WASHINGTON, D.C.—Asked twice in her first press briefing in six weeks whether the job of Labor Secretary Alexander Acosta was in jeopardy, White House press secretary Sarah Sanders pointedly declined to endorse the embattled department head.
Acosta—the only Hispanic member of Trump’s cabinet—has faced sharp criticism for the leniency he showed as a U.S. attorney in Miami to Jeffrey Epstein, an accused sexual predator. Epstein is alleged to have engaged in the sex trafficking of underaged girls, yet the plea deal to which he ultimately agreed—and which Epstein brokered—had him admit guilt only on two minor prostitution charges.
Though that deal was struck 11 years ago, full details have only recently been brought to public attention. The revelations about Epstein, which come during a time of #MeToo and a broader conversation about disparities in the criminal justice system, have led to calls for Acosta’s resignation.
Sanders did little to tamp down speculation about Acosta’s future in the Trump administration. Asked by a reporter if Trump had any “misgivings” about Acosta’s role in the Epstein deal, Sanders said only that the matter was “currently under review.” She added that the White House was “certainly looking at it.”
A short time later, Sanders was asked by another reporter whether Trump had “full confidence” in Acosta or whether the Labor Secretary was “possibly leaving.”
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Sanders passed up the opportunity to reaffirm Trump’s support for Acosta. “I am not aware of any personnel changes,” Sanders said, repeating her previous statement that “those things are currently under review.” She did not say what that review entailed.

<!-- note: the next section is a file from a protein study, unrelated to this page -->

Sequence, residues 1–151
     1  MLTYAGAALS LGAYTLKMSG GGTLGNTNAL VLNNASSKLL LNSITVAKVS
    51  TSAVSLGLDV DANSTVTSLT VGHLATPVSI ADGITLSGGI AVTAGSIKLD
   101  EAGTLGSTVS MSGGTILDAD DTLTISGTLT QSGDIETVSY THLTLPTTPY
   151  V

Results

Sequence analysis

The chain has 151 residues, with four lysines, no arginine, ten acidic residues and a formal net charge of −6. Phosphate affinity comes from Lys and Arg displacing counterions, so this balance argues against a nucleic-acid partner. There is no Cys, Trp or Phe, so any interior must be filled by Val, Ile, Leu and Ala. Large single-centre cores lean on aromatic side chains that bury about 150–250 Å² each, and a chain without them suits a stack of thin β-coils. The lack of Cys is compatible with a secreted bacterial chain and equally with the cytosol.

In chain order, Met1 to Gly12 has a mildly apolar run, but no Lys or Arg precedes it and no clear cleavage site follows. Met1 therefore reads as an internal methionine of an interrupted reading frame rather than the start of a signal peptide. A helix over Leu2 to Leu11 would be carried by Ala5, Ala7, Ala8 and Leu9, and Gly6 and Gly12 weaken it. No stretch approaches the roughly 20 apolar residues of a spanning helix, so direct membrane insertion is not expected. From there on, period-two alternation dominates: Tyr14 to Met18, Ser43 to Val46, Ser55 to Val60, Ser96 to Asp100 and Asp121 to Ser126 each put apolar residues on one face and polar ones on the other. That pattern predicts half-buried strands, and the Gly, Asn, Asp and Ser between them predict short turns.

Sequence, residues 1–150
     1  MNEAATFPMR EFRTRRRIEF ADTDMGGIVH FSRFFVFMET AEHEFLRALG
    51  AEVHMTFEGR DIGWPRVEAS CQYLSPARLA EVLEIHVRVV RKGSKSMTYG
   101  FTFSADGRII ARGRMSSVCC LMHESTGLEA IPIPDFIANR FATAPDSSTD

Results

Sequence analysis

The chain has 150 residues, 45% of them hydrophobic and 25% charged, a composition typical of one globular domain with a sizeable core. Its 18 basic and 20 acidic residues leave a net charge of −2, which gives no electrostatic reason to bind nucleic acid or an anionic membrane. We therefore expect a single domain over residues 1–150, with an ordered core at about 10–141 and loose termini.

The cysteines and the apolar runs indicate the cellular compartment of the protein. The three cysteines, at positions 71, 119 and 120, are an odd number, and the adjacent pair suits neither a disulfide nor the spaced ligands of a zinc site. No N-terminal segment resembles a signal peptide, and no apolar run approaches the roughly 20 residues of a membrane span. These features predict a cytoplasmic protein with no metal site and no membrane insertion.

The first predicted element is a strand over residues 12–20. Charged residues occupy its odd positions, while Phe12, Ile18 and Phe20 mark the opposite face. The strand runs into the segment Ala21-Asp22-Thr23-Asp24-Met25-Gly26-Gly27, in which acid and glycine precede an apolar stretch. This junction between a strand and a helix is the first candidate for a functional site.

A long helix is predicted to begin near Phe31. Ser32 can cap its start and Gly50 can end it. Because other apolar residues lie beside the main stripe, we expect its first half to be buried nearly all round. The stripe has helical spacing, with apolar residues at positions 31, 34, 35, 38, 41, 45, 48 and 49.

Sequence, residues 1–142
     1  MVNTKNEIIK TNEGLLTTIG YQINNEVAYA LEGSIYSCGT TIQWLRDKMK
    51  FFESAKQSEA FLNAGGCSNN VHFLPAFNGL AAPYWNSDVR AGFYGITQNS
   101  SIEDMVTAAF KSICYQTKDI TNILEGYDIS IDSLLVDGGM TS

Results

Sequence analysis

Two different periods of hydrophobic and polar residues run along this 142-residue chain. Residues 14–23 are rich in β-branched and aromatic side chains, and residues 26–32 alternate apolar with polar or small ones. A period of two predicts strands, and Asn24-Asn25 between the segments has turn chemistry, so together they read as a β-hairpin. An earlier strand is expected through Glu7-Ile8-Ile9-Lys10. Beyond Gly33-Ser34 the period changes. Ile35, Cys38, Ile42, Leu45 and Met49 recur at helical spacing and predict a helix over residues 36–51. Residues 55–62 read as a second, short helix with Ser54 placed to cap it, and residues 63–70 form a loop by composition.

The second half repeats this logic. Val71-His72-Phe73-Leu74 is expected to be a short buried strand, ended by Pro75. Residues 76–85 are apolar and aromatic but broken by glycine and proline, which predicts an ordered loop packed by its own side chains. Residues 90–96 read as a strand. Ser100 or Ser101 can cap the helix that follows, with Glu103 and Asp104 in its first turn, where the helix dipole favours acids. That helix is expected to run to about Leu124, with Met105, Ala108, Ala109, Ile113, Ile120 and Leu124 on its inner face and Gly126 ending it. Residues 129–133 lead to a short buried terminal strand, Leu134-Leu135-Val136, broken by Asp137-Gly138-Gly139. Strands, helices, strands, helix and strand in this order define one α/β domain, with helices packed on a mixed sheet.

Sanders did not immediately respond to a subsequent request for comment.
Were Acosta to either depart or face dismissal, he would be one of a legion of department heads and top-level advisers to leave the administration, including press secretary Sean Spicer, chief of staff Reince Priebus, chief of staff John Kelly, deputy chief of staff Joe Hagin, chief strategist Steve Bannon, communications director Mike Dubke, communications director Hope Hicks, communications director Bill Shine, chief counsel Don McGahn, Environmental Protection Agency administrator Scott Pruitt, Interior Secretary Ryan Zinke, U.S. attorney general Jeff Sessions, national security adviser Mike Flynn, national security adviser H.R. McMaster, secretary of state Rex Tillerson, Veterans Affairs Secretary David Shulkin, Health and Human Services Secretary Tom Price, FBI director James Comey, and U.S. ambassador to the United Nations Nikki Haley.
The above is not a complete list.